A roll of three means Colonel Munford and the 2nd Virginia Cavalry will advance up the valley.
To his rear, Major Gilmor and the 1st Maryland Cavalry, now relieved of prisoner duty, acts as a screen for Brigadier General Archers men.
The rebel brigade makes its stately journey across table 2.
A closer look at what is ahead and facing Colonel Munford.
My interpretation of the terrain.
The 2nd Virginia Cavalry survey the wooded slope on their right.
A low flat ridge leading to the rising valley side to their left.
Brigadier General Adelbert Ames, commanding the 2nd Brigade of 1st Division, XI Corps was not a happy man, he had a hundred and one things to do at Brigade headquarters, situated in the small town of Parksville, which sat beside the Hog River.
The message that had flashed down the telegraph line from his boss, Brigadier General Barlow, situated further north up the Crooked Valley had informed him that the Army of Northern Virginia was moving north, and reliable intelligence reported a force had broken away from the main army and could be heading for the valley.
Adelbert, had ordered the 41st and 54th New York infantry battalions to form up in march column, he would lead them south to the mouth of the valley.
Two battalions of 2nd Brigade, led by Brigadier General Ames begin the march south.
'Damned scouts and spies, they saw rebels hiding behind every tree and bush north of the Potomac. He had the southern end of Crooked Valley under his command, and nothing would move into it without him knowing. A battery of artillery and a regiment of cavalry would be there to greet any damned rebels, real or imaginary.' The brigadier general shook his head, he doubted there was a rebel soldier within forty miles of him.
At that very moment his movements were being watched through binoculars, held in the hands of Colonel Harry Gilmor, 1st Maryland Cavalry, CS Army!
Belatedly, Brigadier General Ames noticed riders ahead. He quickly realised that they were not Union cavalry.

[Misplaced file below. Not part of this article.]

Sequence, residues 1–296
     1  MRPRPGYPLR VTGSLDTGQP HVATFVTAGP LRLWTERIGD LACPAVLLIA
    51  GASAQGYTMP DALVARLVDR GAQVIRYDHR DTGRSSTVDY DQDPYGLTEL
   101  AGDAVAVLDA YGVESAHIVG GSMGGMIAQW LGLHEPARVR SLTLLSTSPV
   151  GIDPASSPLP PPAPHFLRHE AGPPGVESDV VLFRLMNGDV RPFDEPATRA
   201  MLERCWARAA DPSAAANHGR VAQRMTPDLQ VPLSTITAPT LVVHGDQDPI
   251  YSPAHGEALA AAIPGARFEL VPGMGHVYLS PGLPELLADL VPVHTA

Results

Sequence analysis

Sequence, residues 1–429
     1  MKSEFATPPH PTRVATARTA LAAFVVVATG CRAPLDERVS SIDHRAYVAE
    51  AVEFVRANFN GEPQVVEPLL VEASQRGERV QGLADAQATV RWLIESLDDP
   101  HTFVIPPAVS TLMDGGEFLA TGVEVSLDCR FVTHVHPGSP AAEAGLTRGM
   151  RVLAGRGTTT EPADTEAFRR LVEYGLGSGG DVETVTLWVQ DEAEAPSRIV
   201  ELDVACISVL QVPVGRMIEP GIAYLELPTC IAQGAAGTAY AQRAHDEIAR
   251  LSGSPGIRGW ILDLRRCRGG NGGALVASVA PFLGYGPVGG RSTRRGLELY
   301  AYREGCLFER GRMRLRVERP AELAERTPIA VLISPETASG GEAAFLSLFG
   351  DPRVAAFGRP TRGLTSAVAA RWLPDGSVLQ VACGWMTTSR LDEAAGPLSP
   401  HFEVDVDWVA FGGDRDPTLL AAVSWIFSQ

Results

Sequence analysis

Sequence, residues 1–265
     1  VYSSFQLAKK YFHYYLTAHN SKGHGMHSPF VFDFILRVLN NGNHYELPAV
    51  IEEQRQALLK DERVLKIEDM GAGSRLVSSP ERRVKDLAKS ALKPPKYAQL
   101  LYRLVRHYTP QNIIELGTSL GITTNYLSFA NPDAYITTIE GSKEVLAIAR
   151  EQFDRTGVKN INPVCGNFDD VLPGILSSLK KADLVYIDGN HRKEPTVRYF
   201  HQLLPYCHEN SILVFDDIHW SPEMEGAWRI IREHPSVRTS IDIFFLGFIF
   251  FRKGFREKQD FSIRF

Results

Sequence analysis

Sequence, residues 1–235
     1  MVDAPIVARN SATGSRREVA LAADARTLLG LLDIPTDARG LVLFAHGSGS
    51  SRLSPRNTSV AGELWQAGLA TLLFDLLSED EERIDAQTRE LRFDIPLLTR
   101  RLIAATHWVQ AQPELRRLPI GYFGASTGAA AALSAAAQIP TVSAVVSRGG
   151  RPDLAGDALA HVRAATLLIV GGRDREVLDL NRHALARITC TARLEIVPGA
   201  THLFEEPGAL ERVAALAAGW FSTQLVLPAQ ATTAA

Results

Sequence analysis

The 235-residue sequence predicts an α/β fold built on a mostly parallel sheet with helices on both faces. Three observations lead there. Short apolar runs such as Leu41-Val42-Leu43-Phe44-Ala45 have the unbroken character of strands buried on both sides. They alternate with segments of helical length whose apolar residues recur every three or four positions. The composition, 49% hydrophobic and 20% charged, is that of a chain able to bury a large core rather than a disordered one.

An odd roll, so no Confederate reinforcements will arrive on table 1 this turn. The main force must have been delayed.
Further up the valley, the rattle of drums and blare of bugles sent men rushing to their battle positions. The Confederate cavalry making for the wooded hill, there they would dismount to harry the Union infantry from the cover of the trees. The artillery horses struggled and stamped their hooves as they dragged guns up onto the low ridge line. Infantry shook out into line of battle across the valley floor.
If General Ames had been an unhappy man earlier in the day, watching the rebels deploy cavalry, artillery and infantry, was not improving his mood.
Brigadier General Archer, on the other hand, was well satisfied. His cavalry colonel had kept him fully informed of the situation via dispatches and once his main force had arrived, Colonel Munford had worked out a battle plan which utilised the topography of this section of the valley. He saw no reason to change the colonel's plan.
No such plan existed for Brigadier General Ames, as he and his men watched with increasing concern as the rebels took up positions, at was as if they knew the valley and he didn't.
For all his faults, General Ames was no fool, he knew he was outgunned and outmaneuvered, he would have to conduct a fighting retreat back to the town of Parksville, where the remainder of his brigade was located. He scribbled a hasty message and sent it with a rider at full gallop.
I shall have to leave it there for tonight, as it is now quite dark, and with artificial light, the photos will not look very good. Also I see this battle scrolling up the valley toward the town and river on tabletop 4, that is going to take a bit of deft handling to pull off.
Please join me again for Part Four.